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James Levine - Documents Of The Munich Years Vol 4 - Weber

Release Date: 12/14/2004 
Label:  Oehms   Catalog #: 504   Spars Code: DDD 
Composer:  Carl Maria von WeberWolfgang Amadeus MozartAaron CoplandRichard Strauss
Performer:  Martin Spangenberg
Conductor:  James Levine
Orchestra/Ensemble:  Munich Philharmonic Orchestra
Number of Discs: 1 
Recorded in: Stereo 
Length: 1 Hours 15 Mins. 

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Notes and Editorial Reviews

With Vol. 4 of the series “Documents”, James Levine presents within a CD playing time of 74 minutes – with relatively short pieces – his enormous bandwidth: From Mozart to Copland – 250 years of music history!

During his tenure with the Munich Philharmonic, James Levine was especially able to remain true to his artistic principles: absolute respect for the composer’s ideas and a repertoire so broad, it almost borders the universal. In addition to concrete thematic projects such as the highly praised “Beethoven- Schoenberg Cycle” of the 2002-2003 season, the maestro also performed much of the standard classic-to-late-romantic symphonic literature during his six years in Munich (1999- 2004). He was particularly interested in
Read more introducing southern German audiences to a repertoire many of them were completely unfamiliar: 20th century American works.

Levine’s amazing range is documented here – in what can really only be called a sampling – with relatively short works by Carl Maria von Weber, Wolfgang Amadeus Mozart, Aaron Copland and Richard Strauss. During the 1980s, the conductor said, “I think you shouldn’t record or perform anything you don’t have a real relationship to. On the other hand, you can only improve your relationship to a composition by interpreting it.” One can only be astonished by the fact that Levine’s joy at discovering new composers and works has not diminished. At the same time as he has remained curious about the new, the star – together with his partners in the orchestra – has always remained just as inquisitive about finding something fresh in supposedly old, wellknown works.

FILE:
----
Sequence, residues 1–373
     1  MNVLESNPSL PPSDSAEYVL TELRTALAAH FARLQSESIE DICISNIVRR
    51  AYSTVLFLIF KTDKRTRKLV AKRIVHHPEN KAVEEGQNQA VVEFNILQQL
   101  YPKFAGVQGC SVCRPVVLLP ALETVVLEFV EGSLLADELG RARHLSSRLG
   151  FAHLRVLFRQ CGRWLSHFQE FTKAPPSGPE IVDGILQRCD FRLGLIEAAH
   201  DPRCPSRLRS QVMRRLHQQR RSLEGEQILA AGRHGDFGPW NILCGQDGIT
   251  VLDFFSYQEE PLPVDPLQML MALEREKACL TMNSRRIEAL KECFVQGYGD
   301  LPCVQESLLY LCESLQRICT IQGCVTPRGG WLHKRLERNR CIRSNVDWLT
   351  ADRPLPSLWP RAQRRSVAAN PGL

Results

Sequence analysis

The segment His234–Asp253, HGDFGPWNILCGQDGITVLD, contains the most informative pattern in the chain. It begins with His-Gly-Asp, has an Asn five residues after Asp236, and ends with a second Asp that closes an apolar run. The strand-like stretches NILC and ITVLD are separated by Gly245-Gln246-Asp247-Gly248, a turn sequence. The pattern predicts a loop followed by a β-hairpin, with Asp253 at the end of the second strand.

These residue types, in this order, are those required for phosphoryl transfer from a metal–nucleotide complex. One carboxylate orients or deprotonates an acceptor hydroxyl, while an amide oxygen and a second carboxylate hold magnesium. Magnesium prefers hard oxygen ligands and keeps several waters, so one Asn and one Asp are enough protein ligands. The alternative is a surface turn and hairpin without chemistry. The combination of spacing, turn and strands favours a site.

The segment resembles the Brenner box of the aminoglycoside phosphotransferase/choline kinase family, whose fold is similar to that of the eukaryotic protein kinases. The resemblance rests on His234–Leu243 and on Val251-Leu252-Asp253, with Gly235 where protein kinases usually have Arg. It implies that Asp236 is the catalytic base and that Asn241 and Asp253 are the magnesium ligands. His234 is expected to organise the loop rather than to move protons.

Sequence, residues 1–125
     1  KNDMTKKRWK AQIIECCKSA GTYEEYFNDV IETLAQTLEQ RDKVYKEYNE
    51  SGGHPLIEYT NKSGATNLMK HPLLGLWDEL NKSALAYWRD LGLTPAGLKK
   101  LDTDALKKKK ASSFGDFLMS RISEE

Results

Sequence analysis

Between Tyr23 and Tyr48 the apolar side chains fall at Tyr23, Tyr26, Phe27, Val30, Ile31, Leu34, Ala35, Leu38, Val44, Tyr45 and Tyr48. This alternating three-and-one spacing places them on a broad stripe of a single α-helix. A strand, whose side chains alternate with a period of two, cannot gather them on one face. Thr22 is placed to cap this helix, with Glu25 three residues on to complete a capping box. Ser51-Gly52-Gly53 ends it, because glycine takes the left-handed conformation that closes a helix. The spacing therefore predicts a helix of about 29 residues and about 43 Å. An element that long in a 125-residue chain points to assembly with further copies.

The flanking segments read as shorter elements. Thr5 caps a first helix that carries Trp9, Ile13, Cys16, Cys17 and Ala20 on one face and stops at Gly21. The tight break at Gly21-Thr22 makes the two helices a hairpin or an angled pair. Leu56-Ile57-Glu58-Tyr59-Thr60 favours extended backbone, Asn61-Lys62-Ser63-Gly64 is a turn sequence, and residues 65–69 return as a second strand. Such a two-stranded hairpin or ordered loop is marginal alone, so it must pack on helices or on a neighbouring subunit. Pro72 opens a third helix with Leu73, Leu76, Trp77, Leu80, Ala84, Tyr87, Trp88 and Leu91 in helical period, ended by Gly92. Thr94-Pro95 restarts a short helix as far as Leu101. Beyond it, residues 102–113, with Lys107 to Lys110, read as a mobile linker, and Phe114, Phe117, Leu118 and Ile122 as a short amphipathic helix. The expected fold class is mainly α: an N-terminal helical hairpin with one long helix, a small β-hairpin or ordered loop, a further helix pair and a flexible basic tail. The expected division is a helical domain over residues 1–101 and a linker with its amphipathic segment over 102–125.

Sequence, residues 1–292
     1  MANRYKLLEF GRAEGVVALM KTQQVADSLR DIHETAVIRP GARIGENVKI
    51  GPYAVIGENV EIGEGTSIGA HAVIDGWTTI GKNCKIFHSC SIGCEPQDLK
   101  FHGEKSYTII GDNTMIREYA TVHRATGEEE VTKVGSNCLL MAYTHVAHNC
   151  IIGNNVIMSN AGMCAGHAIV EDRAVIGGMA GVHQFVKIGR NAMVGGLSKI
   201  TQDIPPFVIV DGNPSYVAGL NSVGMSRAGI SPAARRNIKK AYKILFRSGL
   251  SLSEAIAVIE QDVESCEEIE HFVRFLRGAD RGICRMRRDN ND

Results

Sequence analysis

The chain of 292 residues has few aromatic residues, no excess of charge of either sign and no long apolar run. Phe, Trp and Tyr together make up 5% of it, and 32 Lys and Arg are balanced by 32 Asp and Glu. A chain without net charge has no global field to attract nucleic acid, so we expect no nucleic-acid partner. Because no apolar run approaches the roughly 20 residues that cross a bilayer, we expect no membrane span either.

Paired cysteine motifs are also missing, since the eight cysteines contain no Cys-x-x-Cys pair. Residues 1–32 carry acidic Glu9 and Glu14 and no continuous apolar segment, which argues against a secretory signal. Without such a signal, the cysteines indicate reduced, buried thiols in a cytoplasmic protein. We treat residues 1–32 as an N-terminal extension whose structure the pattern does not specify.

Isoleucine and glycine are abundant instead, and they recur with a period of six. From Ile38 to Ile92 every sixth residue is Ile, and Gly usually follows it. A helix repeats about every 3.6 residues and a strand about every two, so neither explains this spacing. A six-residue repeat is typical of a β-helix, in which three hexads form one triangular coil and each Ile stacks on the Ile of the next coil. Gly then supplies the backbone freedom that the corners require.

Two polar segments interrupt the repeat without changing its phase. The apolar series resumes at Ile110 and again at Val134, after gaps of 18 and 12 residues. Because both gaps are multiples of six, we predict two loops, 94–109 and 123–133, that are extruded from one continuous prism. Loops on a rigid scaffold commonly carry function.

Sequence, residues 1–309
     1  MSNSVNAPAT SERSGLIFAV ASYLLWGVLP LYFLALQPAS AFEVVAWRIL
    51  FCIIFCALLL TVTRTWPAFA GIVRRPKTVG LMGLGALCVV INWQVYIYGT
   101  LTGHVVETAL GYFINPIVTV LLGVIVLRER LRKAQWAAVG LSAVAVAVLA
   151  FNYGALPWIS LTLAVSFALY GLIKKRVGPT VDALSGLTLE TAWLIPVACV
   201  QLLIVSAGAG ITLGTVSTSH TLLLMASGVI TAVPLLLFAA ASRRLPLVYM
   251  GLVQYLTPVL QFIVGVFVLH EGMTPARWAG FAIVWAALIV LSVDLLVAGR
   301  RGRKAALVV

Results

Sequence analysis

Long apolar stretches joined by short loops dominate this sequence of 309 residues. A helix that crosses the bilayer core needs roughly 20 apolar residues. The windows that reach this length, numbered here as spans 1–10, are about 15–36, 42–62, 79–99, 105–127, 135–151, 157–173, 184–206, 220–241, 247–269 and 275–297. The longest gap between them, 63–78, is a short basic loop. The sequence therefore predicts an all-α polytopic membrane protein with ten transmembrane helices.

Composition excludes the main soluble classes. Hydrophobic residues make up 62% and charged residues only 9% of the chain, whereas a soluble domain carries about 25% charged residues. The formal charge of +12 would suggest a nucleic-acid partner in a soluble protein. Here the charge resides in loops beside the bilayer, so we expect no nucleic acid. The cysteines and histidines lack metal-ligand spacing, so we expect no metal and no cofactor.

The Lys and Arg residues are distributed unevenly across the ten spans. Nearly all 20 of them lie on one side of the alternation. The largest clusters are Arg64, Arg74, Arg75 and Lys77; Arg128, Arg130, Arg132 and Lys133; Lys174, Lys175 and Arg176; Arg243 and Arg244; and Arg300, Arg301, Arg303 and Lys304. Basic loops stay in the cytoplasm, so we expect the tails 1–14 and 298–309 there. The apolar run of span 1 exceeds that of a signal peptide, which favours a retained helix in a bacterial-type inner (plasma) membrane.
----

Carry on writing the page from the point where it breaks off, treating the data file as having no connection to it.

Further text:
Modest to a fault, the best that Levine says about his own performances afterwards is that the composer might have found them “pretty good”. The relationship to the composer is where a conductor first gains his own significance: “You play a Mozart piece in front of an audience who are not professional musicians and don’t have any idea if you’re doing what’s in the score or not, or if that’s the right style for Mozart. But somehow, Mozart, as much of a genius as he was, must have had an inkling of how this work could reach even such people. It follows that it must be possible to create such a performance. That is what I always try to do.”

James Levine goes one step further, however, by subordinating himself to the composer. He feels that a conductor should never feel that his own concept of the piece is better than the creator’s: “The composer should be allowed to make his own mistakes. Nobody is perfect; everyone makes mistakes. But I want to make the composer’s mistakes – not mine. They’re there anyway.” This type of pragmatic realization is reminiscent of a demand made by contemporary musical revolutionary John Cage: “Let us realize once and for all that the lines we draw are not straight.“ A ‘re-creator’ must try to draw these acoustic “crooked lines” as precisely as possible – because the ‘crookedness’ of some compositions can sometimes be grandiose!
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Works on This Recording

Oberon, J 306: Overture by Carl Maria von Weber
Conductor:  James Levine
Orchestra/Ensemble:  Munich Philharmonic Orchestra
Period: Romantic 
Written: 1825-1826; Dresden, Germany 
Symphony no 39 in E flat major, K 543 by Wolfgang Amadeus Mozart
Conductor:  James Levine
Orchestra/Ensemble:  Munich Philharmonic Orchestra
Period: Classical 
Written: 1788; Vienna, Austria 
Concerto for Clarinet by Aaron Copland
Performer:  Martin Spangenberg (Clarinet)
Conductor:  James Levine
Orchestra/Ensemble:  Munich Philharmonic Orchestra
Period: 20th Century 
Written: 1947-1948; USA 
Till Eulenspiegels lustige Streiche, Op. 28 by Richard Strauss
Conductor:  James Levine
Orchestra/Ensemble:  Munich Philharmonic Orchestra
Period: Romantic 
Written: 1894-1895; Germany 

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